Interview: Trevor Ngwane

The chairperson of the Soweto Electricity Crisis Committee explains why he was expelled from the party.

Were you born and brought up in Soweto?
No I come from Zululand. My mother was a nurse at the Charles Johnson Memorial Mission Hospital run by Dr Anthony Barker. She retired just last year. The hospital was home to me. I learned some important things from Barker - simplicity, love for the people, honesty. He spoke Zulu and created an island of non-racialism there, and as a result I never considered white people to be "them" or different. It's probably why later I never fell under the influence of the black consciousness movement, though I understand the need for black pride. I went to Fort Hare from 1979-82 and studied industrial psychology and sociology but I couldn't complete my BA then because of all the strikes and political disruptions. I finished it by correspondence through Unisa when I was working in Johannesburg. Then I did an honours degree in sociology at Wits. That's where I met my wife Miranda - I was her tutor.

Why did the ANC expel you in 2000?
I was a ward councillor for Pimville in Soweto. The Sunday World decided to publish a forum on Igoli 2002. Kenny Fihla, of the Johannesburg City Council mayoral committee, put the case for the plans and they invited me to put the case against. In my article I explained why my constituents did not agree with the Johannesburg metro's privatisation plans and neither did I. By Wednesday of that week I had been stripped of all my positions in the ANC including chairing the town-planning committee.

Two weeks later there was a disciplinary hearing. Fihla, who was also chair of the ANC regional council, appointed the members of the committee. They suspended me for two years. I appealed to the provincial ANC and they decided that my suspension would be reduced to nine months if I publicly recanted views. They clearly calculated, as a carrot to lure me, that this would allow me back into the ANC fold in time for the December local elections, so that I would be able to continue as a councillor. I called a public meeting to see what my constituents thought. They told me not to recant and said the party had no right to kick me out. So the two-year suspension remained. The ANC didn't have the guts to hold a by-election, so I continued as an independent until the local elections.

When my term of office was over the party wrote to me saying that if I stood as an independent I would be expelling myself. I did stand and lost, but I got 30 per cent of the vote, which was a very decent result. Half the Gauteng MECs, including the premier Shilowa, came to do door-to-door canvassing in Pimville. They also tarred a few roads for effect. If I had had political ambitions I would have put my head under the table, ignored the people's opposition and toed the party line. At present I have no real plans to stand for the City Council, although I cannot rule this out.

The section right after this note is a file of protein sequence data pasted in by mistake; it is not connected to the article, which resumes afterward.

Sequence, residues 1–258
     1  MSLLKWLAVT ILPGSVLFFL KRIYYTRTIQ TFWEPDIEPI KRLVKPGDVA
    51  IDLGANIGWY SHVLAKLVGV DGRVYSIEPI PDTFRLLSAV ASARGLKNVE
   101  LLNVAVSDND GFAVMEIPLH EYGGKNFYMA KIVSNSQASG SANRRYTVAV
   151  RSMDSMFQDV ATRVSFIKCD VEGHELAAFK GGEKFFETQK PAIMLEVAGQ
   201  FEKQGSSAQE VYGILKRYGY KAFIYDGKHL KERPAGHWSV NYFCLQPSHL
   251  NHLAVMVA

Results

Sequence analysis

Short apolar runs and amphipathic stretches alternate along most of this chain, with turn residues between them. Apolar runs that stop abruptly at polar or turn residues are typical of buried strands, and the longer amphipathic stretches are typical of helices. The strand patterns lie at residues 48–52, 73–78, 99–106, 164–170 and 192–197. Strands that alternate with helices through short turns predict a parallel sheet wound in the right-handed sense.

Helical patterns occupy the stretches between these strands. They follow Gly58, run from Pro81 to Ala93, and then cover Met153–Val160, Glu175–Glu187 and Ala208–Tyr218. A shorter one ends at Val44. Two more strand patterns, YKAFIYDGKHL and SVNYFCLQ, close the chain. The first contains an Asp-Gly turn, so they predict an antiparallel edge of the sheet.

Do you think the ANC's actions were reasonable?
I was an elected public representative, doing just that - representing my constituents' views. I know ANC members who have stolen and even killed, but they were not suspended. It seems preposterous, an over-reaction. The ANC is supposed to be a broad church, but now it is wrong for Cosatu to oppose privatisation. How can you be a trade unionist if you can't defend jobs?

Have you joined any other political party?
No. My own view is that we should develop a mass workers' movement, which in time might develop into a workers' party. But socialism has a pretty bad history in the world, especially Stalinism, and we must be humble if we are to avoid the same mistakes. The SACP tradition is Stalinist - the leader and the party line is everything.

We are searching for viable alternatives, for a politics than can just give people hope. A politics based on the fact that it is workers who produce the wealth in society, hence it is they who can rule without exploiting anyone. I have a friend who has worked for many years in the Eastern Cape helping domestic workers. He said that they bore insults and unfair treatment from their employers stoically, but when they heard that the ANC government's proposed minimum wage was R600 in urban areas and just R400 in rural areas they cried. "Is this what we have been waiting for?" they asked. It's like a child losing his innocence when he discovers his dad is not the man he had thought he was. Many workers loved the ANC, they made it into a workers' party, they sacrificed much to put it into power. When the ANC betrays workers, they lose all hope of a better future for themselves and their children.

Why are the anti-privatisation movement and the campaign against electricity cut-offs so closely connected, with many of the same people involved in both?